's profile
Analog Consultant

James Bryant was European Applications Manager for Analog Devices for over a quarter of a century, and is a well-known lecturer on analog electronics. He is the author of many articles, papers and application notes on analog electronics, of many of Analog Devices'Technical Seminars, and of about a third of their monthly"Rarely Asked Questions"columns.

Despite his retirement he still lectures frequently on analog electronics, hypnotism and radio, and is experienced in lecturing in English to audiences whose native language is not English. His website may be found at www.jbryant.eu/home-eng.htm

His interests include Amateur Radio (callsign G4CLF), Cooking, Electronics, Hypnotism, Literature (especially Science Fiction), Music, Philosophy, Scuba Diving, Sailing and Travel.


's contributions
  • 10.26.2017
  • Simple 3.3V power backup supply: ADI Power by Linear Design Note
  • Electrolytic capacitors are inexpensive, but very cheap ones are unreliable. And in this application a failed capacitor may not be detected until the circuit is needed - when it is too late! While I appreciate that you use the description "low cost electrolytic capacitor" to differentiate the energy storage from much more expensive batteries or supercapacitors I do suggest that you should emphasise that the electrolytic capacitor chosen should be a high reliability one rather than the cheapest available.
  • 08.03.2017
  • Dead meters expose battery terminal design issues
  • No comments on the battery corrosion issue, but I would suggest that while every lab needs a good DVM, it also needs a handful of cheap DVMs. The basic Chinese 830B can be had for as little as $3 post free from China on eBay and it does what it's advertised to do. 2½ digit resolution (but only 5% accuracy) and not extremely reliable. But at that price it's a disposable. I give 'em away in handsful to folks who should own some sort of meter but don't. http://jbryant.eu/pages/DMM.htm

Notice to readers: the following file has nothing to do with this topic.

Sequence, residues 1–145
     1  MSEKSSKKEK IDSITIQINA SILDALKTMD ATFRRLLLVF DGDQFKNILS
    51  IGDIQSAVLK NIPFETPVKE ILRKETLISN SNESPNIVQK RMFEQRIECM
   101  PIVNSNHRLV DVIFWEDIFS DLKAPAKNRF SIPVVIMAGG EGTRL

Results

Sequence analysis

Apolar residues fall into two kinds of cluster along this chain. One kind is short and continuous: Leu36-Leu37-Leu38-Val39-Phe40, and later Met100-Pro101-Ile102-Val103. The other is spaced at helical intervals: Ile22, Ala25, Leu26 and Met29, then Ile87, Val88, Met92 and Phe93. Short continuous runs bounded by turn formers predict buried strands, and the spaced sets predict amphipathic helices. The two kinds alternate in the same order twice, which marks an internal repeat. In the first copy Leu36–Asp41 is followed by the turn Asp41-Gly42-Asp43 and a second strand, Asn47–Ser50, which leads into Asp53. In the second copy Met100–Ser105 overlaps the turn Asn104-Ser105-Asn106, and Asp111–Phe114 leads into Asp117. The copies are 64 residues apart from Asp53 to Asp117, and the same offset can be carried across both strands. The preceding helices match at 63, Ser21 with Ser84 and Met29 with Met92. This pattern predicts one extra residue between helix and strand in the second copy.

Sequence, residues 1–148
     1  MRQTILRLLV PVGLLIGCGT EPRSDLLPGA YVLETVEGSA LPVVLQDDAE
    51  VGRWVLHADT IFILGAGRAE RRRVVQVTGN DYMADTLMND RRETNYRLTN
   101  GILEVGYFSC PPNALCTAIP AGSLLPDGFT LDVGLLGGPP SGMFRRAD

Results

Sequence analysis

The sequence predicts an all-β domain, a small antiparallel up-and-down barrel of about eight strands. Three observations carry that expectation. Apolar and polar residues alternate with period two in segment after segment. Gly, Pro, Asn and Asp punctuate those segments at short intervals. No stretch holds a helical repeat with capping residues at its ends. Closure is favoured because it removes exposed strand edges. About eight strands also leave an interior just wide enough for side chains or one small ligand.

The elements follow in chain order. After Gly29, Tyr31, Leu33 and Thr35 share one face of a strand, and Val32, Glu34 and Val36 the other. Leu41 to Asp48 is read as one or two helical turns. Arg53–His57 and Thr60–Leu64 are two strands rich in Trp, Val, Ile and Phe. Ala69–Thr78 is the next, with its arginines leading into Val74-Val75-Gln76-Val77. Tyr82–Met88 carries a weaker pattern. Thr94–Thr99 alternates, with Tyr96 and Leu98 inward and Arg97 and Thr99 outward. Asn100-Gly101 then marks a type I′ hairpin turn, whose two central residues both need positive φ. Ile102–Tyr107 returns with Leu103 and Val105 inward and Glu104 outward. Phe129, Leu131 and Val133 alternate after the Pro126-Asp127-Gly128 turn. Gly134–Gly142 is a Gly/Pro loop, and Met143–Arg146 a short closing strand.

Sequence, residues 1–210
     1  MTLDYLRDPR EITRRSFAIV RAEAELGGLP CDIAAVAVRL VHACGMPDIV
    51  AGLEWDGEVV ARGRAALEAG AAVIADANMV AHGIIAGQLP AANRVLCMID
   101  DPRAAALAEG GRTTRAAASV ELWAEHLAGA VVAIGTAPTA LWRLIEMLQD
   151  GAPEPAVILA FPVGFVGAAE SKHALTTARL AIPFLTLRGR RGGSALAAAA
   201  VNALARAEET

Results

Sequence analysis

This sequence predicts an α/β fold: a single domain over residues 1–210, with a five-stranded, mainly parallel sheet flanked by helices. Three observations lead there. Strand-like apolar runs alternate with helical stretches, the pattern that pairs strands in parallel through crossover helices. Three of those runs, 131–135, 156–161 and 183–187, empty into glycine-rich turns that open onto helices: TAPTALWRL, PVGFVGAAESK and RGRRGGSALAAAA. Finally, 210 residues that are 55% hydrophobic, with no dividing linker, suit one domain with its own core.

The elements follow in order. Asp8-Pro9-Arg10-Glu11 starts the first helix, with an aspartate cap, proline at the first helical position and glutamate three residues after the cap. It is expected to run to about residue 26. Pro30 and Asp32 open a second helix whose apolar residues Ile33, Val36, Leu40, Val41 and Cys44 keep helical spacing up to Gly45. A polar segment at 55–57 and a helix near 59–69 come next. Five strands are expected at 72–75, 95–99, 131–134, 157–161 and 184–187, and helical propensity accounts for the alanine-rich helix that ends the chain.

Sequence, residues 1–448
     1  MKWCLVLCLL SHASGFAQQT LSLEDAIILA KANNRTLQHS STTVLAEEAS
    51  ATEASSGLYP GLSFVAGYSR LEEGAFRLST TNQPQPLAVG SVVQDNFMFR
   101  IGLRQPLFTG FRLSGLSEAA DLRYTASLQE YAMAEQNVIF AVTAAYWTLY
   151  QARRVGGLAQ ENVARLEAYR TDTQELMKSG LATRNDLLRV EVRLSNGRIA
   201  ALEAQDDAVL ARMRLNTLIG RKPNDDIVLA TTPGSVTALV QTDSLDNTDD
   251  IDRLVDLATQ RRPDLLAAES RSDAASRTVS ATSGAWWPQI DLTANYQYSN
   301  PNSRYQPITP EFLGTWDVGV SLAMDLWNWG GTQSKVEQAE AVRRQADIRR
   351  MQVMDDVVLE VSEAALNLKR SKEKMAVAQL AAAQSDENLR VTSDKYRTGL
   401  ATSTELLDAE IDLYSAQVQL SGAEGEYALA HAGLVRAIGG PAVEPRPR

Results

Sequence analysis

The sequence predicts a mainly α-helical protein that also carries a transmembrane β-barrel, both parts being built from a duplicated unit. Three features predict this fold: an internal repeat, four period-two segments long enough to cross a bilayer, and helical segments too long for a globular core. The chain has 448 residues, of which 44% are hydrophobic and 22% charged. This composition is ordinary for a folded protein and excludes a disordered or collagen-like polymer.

• 12.17.2016
  • Magnetic sensor stabilizes drone designs
  • This is a very useful product, but it is irresponsible to announce a product as "available" if the announcement states that the data sheet is not yet available - how can we use it if we don't know how to connect it, nor how it will behave if we do?
  • 05.14.2013
  • Bender senses shocks
  • I live beside the sea. Even high-priced "salt-water resistant" doorbell pushes last for less than a year before failing, so I have a large brass knocker on my front door. But we cannot hear it throughout the house - so I have one of these piezo-ceramic discs cemented to the inside of the door behind the knocker, and a cheap, non-waterproof, radio doorbell transmitter is triggered by it. No corrosion and it's been working for several years.
  • 10.13.2016
  • The speed of thought
  • If an ignorant Brit is not mistaken it is 60' from the pitcher to the catcher. If the ball travels this in 0.2 seconds it is moving at 300 fps or approximately 205 mph. According to Wikipedia the record (held by Aroldis Chapman) is actually 105 mph, so since few pitchers make that speed the time is actually more likely to be in the range 0.5-0.7 seconds.
  • 09.28.2016
  • A glimpse of the future of IoT sensors
  • It appears that the dominant mechanisms limiting the life of Li-Ion rechargeable batteries occur mainly in cells which are more than 75% or less than 25% charged. If charging is limited to a lower voltage and cells are not permitted to discharge below 25% lifetimes may be tens or hundreds of times greater. The price is, of course, much lower effective capacity from a given cell. I am building a power system for a remote weather station on these principles and in a decade or so will try to remember to report on the current state of my battery.
  • 08.30.2016
  • Engineering education: "What have you built?"
  • When interviewing for engineering jobs at Analog Devices I always asked candidates "What have you used your engineering skills to make for yourself recently - not necessarily a large complex project but useful gadgets?" People who replied that out of working hours they wanted to relax and forget engineering were definitely less likely to make the final list. When I mention this at conferences my industrial colleagues agree but academics too often claim to be outraged by such a policy. It is nice to see an academic who believes in the Engineering Mindset.